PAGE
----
Posts Tagged ‘Microsoft Access Development’

Microsoft Access Development Tip. Saving email hyperlinks in a table.

Monday, November 21st, 2011

A recent Microsoft Access development project caused us to look for a creative way to generate an email from Microsoft Access, save the email as a .MSG file, and create a hyperlink in an Access table.  We came across a piece of software called MessageSave which we have been able to integrate into the process.  The process is:

  • Microsoft Access opens a new email in Outlook.  Access then pauses.
  • MessageSave saves the email as a .MSG file and calls a VBScript
  • The VBScript writes a text file with the name of the saved .MSG file.
  • Microsoft Access resumes.  It reads the text file and saves the file location as a hyperlink in a table

We decided to make the sample code available as a download.  You can read all about the process used, see the sample code, and download a free Microsoft Access database from our website.  Click here for more information, and to download the free Microsoft Access database.

Microsoft Access function to calculate an end date for employee leave

Wednesday, September 28th, 2011

This is a generic function you can use to calculate the end date for employee leave given a start date and a number of days.  It allows you to calculate the end date taking into account holidays and weekends.
First set up a table to store holiday dates.  We called it tblHoliday and it had a field HolidayDate.  You might also want to add fields for the name of the holiday and a primary key (although the date is a unique field).
Next add a form with three text boxes (txtStartDate, txtEndDate, txtNoOfDays) and a button (btnCalc).  The code for the form is as follows.

Private Sub btnCalc_Click()
Dim dteCalcEndDate As Date                                      ‘ Date to be calculated

dteCalcEndDate = funCalcEndDate(Me.txtStartDate, Me.txtNoOfDays) ‘ Pass the start and number of days
Me.txtEndDate = dteCalcEndDate                                  ‘ Put the end date on the form

End Sub

Function funCalcEndDate(dteStart As Date, lngNoOfDays As Long) As Date
Dim dteTest As Date                                             ‘ Date to be tested
Dim intCounter As Integer                                       ‘ Count the number of days

dteTest = dteStart                                              ‘ Set it to the start date
intCounter = 0                                                  ‘ Count the number of valid days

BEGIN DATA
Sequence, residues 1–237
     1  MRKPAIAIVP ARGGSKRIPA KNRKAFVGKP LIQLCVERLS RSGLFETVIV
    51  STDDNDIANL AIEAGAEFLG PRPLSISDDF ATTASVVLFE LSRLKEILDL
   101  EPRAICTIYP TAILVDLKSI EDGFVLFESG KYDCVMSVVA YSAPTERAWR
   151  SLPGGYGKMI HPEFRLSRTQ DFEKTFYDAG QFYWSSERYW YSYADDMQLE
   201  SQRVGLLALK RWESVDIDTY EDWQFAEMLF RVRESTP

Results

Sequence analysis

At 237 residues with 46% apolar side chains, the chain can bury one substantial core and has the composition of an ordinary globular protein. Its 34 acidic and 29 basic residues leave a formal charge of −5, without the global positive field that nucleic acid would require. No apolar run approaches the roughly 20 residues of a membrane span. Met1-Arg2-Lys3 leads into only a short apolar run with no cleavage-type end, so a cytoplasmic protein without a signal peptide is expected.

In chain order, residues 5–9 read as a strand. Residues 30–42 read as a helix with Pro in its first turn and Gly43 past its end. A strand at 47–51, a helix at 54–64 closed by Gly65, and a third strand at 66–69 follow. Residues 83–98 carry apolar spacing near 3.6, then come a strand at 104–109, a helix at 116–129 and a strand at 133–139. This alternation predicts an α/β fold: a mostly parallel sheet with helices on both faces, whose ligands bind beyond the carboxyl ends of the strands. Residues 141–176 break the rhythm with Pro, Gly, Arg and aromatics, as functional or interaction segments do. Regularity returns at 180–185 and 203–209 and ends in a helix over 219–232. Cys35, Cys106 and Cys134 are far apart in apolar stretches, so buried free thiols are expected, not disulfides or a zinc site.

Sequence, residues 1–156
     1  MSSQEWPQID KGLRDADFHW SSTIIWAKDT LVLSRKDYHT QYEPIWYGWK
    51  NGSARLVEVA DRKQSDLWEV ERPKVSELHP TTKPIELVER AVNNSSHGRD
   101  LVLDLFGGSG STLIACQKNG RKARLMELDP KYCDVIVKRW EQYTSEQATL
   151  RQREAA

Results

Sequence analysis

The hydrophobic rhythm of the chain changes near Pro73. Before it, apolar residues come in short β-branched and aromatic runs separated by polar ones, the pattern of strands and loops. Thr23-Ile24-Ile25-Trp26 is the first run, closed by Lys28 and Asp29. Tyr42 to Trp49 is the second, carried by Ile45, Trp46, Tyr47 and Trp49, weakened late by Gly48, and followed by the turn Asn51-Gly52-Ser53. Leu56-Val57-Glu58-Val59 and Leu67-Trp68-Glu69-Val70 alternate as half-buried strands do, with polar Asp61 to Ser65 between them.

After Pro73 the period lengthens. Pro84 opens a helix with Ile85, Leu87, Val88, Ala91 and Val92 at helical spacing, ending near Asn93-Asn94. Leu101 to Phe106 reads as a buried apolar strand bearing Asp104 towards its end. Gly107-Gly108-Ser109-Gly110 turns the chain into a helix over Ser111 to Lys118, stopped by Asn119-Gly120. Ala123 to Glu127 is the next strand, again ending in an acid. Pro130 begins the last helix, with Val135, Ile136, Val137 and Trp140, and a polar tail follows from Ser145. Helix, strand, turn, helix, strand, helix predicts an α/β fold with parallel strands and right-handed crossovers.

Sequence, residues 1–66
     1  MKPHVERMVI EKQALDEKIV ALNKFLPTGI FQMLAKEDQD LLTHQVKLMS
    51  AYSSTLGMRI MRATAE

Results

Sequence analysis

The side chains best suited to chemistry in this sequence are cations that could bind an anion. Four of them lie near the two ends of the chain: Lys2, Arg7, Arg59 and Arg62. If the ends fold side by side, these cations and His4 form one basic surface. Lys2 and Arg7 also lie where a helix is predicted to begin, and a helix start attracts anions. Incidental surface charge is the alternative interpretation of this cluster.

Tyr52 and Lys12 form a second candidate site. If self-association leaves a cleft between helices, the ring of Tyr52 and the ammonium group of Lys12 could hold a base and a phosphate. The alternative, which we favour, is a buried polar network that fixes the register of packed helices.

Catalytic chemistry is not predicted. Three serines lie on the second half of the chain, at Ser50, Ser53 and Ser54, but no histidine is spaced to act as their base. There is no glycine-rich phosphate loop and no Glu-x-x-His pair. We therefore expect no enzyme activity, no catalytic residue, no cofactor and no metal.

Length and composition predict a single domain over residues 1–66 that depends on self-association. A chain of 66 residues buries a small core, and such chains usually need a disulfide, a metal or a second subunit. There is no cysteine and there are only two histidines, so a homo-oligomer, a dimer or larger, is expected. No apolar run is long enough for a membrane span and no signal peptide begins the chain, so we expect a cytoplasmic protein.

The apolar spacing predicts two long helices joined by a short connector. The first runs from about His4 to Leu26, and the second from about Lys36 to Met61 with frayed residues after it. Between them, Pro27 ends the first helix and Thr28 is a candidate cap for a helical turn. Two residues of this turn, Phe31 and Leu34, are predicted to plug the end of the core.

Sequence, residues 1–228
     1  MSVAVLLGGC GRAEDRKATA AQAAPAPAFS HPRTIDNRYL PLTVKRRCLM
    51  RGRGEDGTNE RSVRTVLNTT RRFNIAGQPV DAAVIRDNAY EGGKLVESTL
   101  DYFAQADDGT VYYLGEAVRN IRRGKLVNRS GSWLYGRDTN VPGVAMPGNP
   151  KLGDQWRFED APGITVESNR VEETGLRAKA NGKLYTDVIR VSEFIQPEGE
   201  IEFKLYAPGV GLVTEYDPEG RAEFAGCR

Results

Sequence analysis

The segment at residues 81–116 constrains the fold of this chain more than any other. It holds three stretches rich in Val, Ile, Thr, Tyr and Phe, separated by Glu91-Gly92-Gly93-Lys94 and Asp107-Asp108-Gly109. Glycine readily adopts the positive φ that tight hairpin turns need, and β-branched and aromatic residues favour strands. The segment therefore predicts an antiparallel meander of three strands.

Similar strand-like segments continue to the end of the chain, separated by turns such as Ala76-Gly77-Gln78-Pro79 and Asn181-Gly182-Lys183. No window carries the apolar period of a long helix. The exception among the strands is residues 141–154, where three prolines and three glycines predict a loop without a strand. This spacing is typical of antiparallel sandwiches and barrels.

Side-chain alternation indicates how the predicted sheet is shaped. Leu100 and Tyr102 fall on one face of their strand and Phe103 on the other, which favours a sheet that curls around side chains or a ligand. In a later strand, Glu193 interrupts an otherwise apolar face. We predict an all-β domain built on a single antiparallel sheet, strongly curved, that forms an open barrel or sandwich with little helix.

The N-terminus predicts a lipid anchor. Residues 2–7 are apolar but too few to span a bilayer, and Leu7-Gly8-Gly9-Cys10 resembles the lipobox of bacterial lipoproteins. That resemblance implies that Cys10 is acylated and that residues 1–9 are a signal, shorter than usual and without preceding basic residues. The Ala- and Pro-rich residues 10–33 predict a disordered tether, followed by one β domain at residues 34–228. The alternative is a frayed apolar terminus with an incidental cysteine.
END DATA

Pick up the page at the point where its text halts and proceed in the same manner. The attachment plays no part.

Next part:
Do While intCounter < lngNoOfDays                               ‘ Loop until you have found valid days
If Weekday(dteTest) > 1 And Weekday(dteTest) < 7 Then       ‘ 1 = Sun, 7 = Sat
‘ Test if a holiday is found in the holiday table
If IsNull(DLookup(“HolidayDate”, “tblHoliday”, “HolidayDate=#” & Format(dteTest, “mm/dd/yyyy”) & “#”)) Then
intCounter = intCounter + 1                         ‘ This is a valid date
funCalcEndDate = dteTest                            ‘ Update the function
End If
End If

dteTest = DateAdd(“d”, 1, dteTest)                          ‘ Select the next day
Loop

End Function

The key things in the code are the use of weekday.  In Microsoft Access, weekday is 1 to 7 starting on Sunday.  Sunday is 1 and Saturday is 7.  The other check is to the dLookUp to see if the date being tested exists in tblHoliday.  If it doesn’t it returns a null.

This function was originally created to check that the start and end dates corresponded to the number of leave days for staff.  You could use it for any calculation of days.  For example in a project if a task starts on a certain date, and takes so many days, when does it end?  In a purchasing system, when is a delivery due given a certain order day and leadtime for delivery.

For and against using Microsoft Access

Saturday, September 3rd, 2011

We are often asked if Access is the best solution and the answer has to be “it depends”.  Access has a bad name in some areas but that is often due to amaturish attempts to build a database.  At a superficial level Access is easy to use, but so is a gun.  The value of Access databases is best realised by having them professionally developed. A professional Microsoft Access development company will ensure you have a robust solution to meet your needs.  More importantly, they will tell you when Access is not the right solution.